Glen Burnie Man Sentenced to Prison for Possession Of Child Pornography

January 19, 2011

Baltimore, Maryland - U.S. District Judge William M. Nickerson sentenced Paul Gary Pinkston, age 27, of Glen Burnie, Maryland, today to 20 months in prison, followed by 15 years of supervised release, for possession of child pornography. Judge Nickerson also ordered that Pinkston must register as a sex offender in the place where he resides, where he is an employee, and where he is a student, under the Sex Offender Registration and Notification Act (SORNA).

The sentence was announced by United States Attorney for the District of Maryland Rod J. Rosenstein; Special Agent in Charge William Winter of U.S. Immigration and Customs Enforcement, Homeland Security Investigations; Acting Postal Inspector in Charge Keith A. Fixel of the U.S. Postal Inspection Service - Washington Division; and Anne Arundel County Police Chief James Teare, Sr.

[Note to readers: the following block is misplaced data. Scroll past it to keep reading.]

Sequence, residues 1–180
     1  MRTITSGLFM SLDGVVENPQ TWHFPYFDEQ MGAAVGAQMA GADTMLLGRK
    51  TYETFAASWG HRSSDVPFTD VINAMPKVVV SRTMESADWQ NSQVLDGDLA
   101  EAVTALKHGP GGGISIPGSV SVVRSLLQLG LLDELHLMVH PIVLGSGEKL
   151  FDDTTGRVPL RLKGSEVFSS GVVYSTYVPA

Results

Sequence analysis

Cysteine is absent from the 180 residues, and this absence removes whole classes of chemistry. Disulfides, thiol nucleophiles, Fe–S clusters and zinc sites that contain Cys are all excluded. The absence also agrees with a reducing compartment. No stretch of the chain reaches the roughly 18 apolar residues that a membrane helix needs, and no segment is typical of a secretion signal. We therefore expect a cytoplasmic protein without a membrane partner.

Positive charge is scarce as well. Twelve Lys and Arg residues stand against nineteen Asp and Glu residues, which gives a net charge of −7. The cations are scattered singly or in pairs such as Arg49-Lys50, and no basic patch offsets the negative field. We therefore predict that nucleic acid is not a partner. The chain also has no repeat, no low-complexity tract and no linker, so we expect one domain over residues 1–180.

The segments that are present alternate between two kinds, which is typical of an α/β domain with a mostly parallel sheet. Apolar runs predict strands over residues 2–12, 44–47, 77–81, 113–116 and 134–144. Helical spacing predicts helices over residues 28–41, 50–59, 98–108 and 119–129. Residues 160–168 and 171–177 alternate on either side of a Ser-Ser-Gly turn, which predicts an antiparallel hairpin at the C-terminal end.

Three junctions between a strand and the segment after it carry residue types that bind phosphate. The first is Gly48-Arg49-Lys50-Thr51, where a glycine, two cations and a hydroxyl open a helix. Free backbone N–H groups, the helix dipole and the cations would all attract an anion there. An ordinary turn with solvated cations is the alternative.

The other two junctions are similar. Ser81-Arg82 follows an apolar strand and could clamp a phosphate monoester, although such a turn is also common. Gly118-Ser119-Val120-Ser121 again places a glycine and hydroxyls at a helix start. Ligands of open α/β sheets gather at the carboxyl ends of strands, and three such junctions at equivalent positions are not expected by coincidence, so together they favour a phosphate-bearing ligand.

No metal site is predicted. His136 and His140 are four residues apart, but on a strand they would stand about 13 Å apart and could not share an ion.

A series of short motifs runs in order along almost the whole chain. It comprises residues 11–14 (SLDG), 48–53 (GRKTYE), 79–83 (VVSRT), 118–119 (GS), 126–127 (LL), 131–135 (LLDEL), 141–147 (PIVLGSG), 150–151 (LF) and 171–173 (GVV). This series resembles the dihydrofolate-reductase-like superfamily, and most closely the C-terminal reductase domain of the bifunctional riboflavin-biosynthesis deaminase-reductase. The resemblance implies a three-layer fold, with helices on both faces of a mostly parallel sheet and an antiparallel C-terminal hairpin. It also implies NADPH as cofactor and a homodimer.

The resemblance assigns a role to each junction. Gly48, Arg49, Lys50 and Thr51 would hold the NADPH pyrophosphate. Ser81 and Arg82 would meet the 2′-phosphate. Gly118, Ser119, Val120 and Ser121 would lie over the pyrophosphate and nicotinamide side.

According to Pinkston’s plea agreement, on May 4, 2009, agents from U.S. Immigration and Customs Enforcement executed a search warrant at Pinkston’s residence, after investigation showed that he subscribed to a fee-based child pornography website. During the search, agents seized Pinkston’s computer and a subsequent forensic examination revealed images of prepubescent minors, under the age of 12, engaged in sexually explicit conduct, including 29 videos and 53 images.

This case was brought as part of Project Safe Childhood, a nationwide initiative to combat the growing epidemic of child sexual exploitation and abuse launched in May 2006 by the Department of Justice. Led by United States Attorneys’ Offices and the Criminal Division's Child Exploitation and Obscenity Section (CEOS), Project Safe Childhood marshals federal, state and local resources to better locate, apprehend and prosecute individuals who exploit children via the internet, as well as to identify and rescue victims. For more information about Project Safe Childhood, please visit Details about Maryland’s program are available at

United States Attorney Rod J. Rosenstein praised ICE Homeland Security Investigations, the U.S. Postal Inspection Service and the Anne Arundel County Police Department for their investigation. Mr. Rosenstein thanked Assistant U.S. Attorney Judson T. Mihok, who prosecuted the case.

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